For his part, Tew recalls one meeting he facilitated where the conference center was located close to the historic site of the Gettysburg battle in Gettysburg, PA. "We could take the attendees to the battlefield, and integrate the history of that battle into their leadership learning," he explains. "Having that history, that connection, so accessible was really invaluable."
5. Go Back to School
One of the best advantages of meeting at a dedicated conference center is the variety of resources available, especially at venues like the AT&T Executive Education and Conference Center, the Babson Executive Conference Center, and the Mission Bay Conference Center, all of which are located on university campuses. Relationships to academia make it easier for meeting organizers to find and bring in the right experts and, in some cases, develop the right content.
At AT&T, there's a definite "synergy" between the Texas Executive Education program at The University of Texas at Austin's McCombs School of Business and the center management team, says Mickey D'Armi, Texas Executive Education director of marketing. "There's a real strategic alignment between the center and the Executive Education program."
D'Armi and his colleagues, who include Nancy Nagle, director of custom programs, and Lynn Slattery, director of open enrollment programs, often work in tandem with FLIK Hotels & Conference Centers, which manages the AT&T Center as well as the center at Babson. Says Nagle, "We can work with the faculty and have them help to enhance the program."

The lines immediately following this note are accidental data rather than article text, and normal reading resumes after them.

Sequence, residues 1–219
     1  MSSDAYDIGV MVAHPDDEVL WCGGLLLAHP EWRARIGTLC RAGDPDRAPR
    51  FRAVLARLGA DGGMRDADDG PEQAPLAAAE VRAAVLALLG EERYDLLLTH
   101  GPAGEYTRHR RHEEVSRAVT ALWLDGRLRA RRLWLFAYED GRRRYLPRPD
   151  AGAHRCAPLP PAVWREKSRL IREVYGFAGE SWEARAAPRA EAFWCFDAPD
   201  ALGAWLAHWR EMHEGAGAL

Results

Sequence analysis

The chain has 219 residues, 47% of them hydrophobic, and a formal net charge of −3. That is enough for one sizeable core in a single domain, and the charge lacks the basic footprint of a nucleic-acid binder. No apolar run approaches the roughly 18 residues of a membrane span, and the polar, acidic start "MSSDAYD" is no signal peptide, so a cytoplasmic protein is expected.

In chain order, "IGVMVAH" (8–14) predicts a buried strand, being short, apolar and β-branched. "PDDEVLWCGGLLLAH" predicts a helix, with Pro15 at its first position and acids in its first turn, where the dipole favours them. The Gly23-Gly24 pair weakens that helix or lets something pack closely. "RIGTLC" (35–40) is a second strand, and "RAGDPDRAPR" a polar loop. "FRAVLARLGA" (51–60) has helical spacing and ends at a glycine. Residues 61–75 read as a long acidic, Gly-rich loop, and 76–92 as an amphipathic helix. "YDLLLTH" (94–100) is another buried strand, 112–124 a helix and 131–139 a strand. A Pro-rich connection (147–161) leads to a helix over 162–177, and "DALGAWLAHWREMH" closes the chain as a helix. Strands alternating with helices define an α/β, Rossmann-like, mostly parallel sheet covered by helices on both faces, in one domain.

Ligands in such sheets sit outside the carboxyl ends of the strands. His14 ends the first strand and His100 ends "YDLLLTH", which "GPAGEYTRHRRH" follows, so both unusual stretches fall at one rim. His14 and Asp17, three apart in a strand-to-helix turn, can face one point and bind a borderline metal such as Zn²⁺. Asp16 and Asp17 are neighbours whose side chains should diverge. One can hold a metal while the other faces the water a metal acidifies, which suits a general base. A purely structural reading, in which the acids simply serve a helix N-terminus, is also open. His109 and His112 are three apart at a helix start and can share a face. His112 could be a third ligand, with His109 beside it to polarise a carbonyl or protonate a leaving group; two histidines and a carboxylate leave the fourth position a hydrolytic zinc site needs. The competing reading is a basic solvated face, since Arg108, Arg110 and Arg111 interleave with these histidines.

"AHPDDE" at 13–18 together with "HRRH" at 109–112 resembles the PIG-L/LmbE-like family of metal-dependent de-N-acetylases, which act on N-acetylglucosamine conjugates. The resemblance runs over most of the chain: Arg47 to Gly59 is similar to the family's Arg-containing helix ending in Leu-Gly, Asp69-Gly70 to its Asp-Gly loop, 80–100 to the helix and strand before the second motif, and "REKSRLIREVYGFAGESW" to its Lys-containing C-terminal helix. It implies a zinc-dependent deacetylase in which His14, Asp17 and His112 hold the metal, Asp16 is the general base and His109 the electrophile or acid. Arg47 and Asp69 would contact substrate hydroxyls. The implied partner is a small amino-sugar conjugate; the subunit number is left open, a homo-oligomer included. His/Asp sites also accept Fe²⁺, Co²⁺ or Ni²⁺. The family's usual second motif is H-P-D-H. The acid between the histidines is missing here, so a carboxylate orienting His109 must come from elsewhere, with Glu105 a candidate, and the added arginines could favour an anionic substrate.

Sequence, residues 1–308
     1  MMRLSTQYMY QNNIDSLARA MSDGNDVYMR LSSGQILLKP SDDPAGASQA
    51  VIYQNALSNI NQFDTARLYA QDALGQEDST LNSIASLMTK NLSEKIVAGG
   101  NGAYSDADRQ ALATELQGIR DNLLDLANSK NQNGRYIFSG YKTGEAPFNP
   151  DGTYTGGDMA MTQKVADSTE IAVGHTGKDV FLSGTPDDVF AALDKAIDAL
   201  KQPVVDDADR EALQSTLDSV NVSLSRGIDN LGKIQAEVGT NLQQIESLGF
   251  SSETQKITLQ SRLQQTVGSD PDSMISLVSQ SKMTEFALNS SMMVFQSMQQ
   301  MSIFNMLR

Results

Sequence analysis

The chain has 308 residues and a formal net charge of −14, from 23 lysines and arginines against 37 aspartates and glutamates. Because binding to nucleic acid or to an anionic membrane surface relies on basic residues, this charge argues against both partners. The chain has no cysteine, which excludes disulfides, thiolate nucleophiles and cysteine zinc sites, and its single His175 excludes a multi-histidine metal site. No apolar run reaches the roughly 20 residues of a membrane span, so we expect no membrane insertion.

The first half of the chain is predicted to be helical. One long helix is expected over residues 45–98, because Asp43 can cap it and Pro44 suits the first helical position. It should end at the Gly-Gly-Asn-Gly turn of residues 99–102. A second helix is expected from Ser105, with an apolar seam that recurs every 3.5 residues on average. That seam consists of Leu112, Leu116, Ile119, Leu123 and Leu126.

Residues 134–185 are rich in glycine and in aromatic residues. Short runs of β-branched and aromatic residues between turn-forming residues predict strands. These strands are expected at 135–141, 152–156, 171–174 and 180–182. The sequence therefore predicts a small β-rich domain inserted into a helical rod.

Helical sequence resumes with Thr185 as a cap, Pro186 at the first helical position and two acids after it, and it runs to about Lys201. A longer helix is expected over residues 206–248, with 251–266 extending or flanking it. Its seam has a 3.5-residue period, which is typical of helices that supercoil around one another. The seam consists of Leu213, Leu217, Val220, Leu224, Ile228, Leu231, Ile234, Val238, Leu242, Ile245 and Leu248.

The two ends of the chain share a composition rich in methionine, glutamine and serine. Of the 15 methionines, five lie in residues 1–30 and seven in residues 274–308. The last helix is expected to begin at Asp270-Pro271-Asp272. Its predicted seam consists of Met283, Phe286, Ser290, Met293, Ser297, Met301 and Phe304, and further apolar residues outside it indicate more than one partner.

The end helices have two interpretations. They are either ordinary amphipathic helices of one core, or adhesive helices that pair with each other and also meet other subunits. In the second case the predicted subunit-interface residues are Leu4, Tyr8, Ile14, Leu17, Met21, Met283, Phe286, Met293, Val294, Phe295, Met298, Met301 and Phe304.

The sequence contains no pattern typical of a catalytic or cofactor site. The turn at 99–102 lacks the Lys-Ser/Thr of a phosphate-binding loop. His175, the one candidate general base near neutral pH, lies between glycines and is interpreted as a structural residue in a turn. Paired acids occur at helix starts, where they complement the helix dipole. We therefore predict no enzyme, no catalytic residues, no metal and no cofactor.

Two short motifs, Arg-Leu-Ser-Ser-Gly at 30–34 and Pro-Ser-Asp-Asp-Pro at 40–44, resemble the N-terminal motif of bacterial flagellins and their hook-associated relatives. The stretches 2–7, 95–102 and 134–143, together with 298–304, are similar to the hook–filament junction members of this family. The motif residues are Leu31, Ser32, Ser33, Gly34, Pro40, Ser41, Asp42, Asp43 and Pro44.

That's exactly what Nagle has done for ExxonMobil's Russ Roberts and BBVA Compass' Eric Simpson. Houston-based Roberts, a senior public affairs planning manager, manages an advocacy training program for ExxonMobil's public and government affairs employees around the globe, and has been working with Nagle on the program since its inception in 2008. The program serves approximately 450 to 500 employees, with multiple sessions taking place on an annual basis. Roberts just completed his 17th program at the center.
"The university has professors who are experts in this area, so we chose to tap into their abilities and research to help round the program out," Roberts says. "They worked with us one-on-one on the curriculum and customized the materials for what we needed."
Adds Nagle, "We want to deliver great education and we want the person doing that to look like a hero." Likewise, Nagle assisted Simpson, BBVA Compass' senior vice president and director of leadership and employee development, in creating a customized management training program for the Madrid-based financial service provider's U.S. workforce. "Nancy and her group helped us map out the program from a content standpoint -- which professors to use, what content to include," he says. "The experts they use are not only from an academic perspective but also from consulting and they also have tremendous industry knowledge of financial services."
The Center also works with other university departments, including the Center for Lifelong Engineering Education (CLE), which delivers professional development programs for engineers, including open-enrollment courses. "Because we're part of the school of engineering, it's a great relationship for us," says Marie Giradot, conference coordinator for CLE.
"When you can find that conference center training facility that has the right environment, resources, and connections for your particular group, that's magic right there," says Tew.
Questions or comments? Email [email protected]
This article appears in the March 2015 issue of Successful Meetings.